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Over 3 Hours, GOP Rivals Try To Chip Away At Trump's Dominance


There was a time when some Republican presidential candidates did not want to attack Donald Trump. Why give him the attention? That time is long gone. Trump gets so much TV air time there are not many other ways for the other candidates to get attention.


Last night Trump, nine other men and one woman mounted a stage. It had been placed before an old model Air Force One at the Reagan Presidential Library in California.

INSKEEP: And the candidates took every chance they got to chip away at Trump's oversized presence in the race. Here's NPR national political correspondent Mara Liasson.

MARA LIASSON, BYLINE: A debate that lasted a full three hours should have given the candidates plenty of time to get deep into policy. But that's not what happened last night. The CNN moderators made it clear they wanted a kind of steel cage match, and that's what they got. They encouraged the candidates to confront each other - mostly Donald Trump - directly. Jeb Bush had the most at stake. He was under pressure from nervous donors to show he was tough enough to take on Trump, and last night he was more aggressive, rejecting Trump's suggestion that he was a puppet of his campaign donors.


JEB BUSH: The one guy that had some special interest that I know of that tried to get me to change my views on something that was generous and gave me money was Donald Trump. He wanted casino gambling in Florida.

DONALD TRUMP: I did not.

BUSH: Yes, you did.

TRUMP: Totally false.

BUSH: You wanted it, and you didn't get it because I was opposed to casino gambling before...

TRUMP: I promise I would've gotten it.

BUSH: ...during and after. And that's not - I'm not going to be bought by anybody.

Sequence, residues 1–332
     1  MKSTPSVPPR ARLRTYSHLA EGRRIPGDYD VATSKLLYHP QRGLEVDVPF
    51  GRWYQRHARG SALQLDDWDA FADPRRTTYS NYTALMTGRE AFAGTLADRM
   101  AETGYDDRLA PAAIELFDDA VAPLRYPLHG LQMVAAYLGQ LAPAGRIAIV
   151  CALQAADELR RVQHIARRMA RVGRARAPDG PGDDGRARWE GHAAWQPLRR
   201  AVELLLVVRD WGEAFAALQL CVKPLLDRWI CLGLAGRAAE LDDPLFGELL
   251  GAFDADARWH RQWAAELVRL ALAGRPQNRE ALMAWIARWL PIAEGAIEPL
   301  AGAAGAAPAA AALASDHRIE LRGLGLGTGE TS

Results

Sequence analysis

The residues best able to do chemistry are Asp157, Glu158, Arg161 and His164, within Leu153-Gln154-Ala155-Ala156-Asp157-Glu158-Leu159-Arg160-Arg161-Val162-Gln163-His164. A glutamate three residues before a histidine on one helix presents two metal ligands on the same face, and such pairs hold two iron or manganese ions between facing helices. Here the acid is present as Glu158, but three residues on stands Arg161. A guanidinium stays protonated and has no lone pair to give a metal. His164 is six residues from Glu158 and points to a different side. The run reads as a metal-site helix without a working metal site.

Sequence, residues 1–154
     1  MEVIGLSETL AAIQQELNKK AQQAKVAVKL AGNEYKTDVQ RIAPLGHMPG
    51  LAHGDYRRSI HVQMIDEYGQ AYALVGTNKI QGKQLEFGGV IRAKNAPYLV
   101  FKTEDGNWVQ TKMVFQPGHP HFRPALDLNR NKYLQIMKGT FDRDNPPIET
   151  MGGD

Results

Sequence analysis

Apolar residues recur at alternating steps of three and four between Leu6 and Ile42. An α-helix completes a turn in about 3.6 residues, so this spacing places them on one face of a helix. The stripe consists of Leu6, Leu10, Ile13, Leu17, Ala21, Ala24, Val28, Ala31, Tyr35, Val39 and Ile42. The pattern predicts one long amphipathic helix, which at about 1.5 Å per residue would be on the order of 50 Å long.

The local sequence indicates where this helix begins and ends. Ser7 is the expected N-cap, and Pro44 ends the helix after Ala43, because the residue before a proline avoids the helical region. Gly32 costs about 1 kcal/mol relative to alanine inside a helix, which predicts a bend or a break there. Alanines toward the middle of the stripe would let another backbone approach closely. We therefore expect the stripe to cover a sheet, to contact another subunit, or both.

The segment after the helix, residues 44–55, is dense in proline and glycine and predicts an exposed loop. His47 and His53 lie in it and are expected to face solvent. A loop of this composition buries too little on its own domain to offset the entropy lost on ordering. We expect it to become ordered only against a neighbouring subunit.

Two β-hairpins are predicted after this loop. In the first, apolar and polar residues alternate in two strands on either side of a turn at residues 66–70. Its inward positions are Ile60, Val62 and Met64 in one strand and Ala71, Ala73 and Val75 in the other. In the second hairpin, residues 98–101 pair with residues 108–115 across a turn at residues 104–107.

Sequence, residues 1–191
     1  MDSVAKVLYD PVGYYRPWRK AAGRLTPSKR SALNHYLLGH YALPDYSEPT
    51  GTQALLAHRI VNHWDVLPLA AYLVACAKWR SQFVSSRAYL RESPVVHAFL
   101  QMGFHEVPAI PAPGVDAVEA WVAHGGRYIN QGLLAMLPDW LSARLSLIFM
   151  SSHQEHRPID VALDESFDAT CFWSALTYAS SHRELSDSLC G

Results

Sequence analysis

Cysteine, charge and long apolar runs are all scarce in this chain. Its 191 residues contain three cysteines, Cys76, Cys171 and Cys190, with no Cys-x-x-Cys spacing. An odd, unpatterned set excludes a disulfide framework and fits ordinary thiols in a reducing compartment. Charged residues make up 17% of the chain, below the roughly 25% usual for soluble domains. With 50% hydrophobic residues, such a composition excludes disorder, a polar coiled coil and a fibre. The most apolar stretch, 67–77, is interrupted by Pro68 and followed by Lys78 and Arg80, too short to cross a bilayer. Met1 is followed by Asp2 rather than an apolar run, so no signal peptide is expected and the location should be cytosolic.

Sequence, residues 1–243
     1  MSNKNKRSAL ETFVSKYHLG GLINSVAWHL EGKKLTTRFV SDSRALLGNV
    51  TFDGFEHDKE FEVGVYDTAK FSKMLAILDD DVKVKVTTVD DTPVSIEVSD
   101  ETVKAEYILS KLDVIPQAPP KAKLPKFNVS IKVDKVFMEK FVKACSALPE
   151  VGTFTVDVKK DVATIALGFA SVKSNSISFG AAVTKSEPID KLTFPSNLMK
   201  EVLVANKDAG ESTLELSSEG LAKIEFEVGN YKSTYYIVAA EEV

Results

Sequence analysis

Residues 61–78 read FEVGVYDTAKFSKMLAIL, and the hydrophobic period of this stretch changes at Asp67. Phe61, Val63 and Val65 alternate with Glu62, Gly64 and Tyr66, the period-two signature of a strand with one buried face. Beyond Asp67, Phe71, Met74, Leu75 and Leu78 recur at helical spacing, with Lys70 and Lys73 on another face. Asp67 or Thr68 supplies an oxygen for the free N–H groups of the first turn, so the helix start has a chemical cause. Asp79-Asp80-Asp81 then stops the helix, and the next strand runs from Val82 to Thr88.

TRUMP: I promise if I wanted it, I would've gotten it.

BUSH: No way, man.

JAKE TAPPER: Is there anything else you want to say about this?

TRUMP: No. I just will tell you that the donors, the special interests, the lobbyists have very strong power over these people.

LIASSON: Bush has been Trump's biggest target all summer. Trump has all but insulted Bush's manhood, needling him over and over again for having, quote, "low-energy." Last night, Trump brought up what could be Bush's biggest weakness, his last name.


TRUMP: Your brother and your brother's administration gave us Barack Obama.

BUSH: You know what? As it relates to my brother, there's one thing I know for sure. He kept us safe.


BUSH: I don't know if you remember - Donald.

TRUMP: I don't know. Do you feel safe right now? I don't feel so safe.

LIASSON: Wisconsin Governor Scott Walker is another candidate whose support has cratered as Trump has defied the laws of political gravity. Walker's strategy was to reassert himself by attacking Trump.


SCOTT WALKER: You want to talk about balanced budgets? You took four major projects into bankruptcy over and over and over again. You can't take America into bankruptcy.

TRUMP: When the folks of Iowa found out the true facts of the job that you've done in Wisconsin, all of a sudden you tubed (ph). He was number one. Now he's number six or seven in the polls.

LIASSON: But the candidate who had the most success putting Trump on the defensive was the only woman in the field - former Hewlett-Packard CEO, Carly Fiorina. In a recent magazine interview, Trump had disparaged her appearance, saying, look at that face - would anyone vote for that?


CARLY FIORINA: I think women all over this country heard very clearly what Mr. Trump said.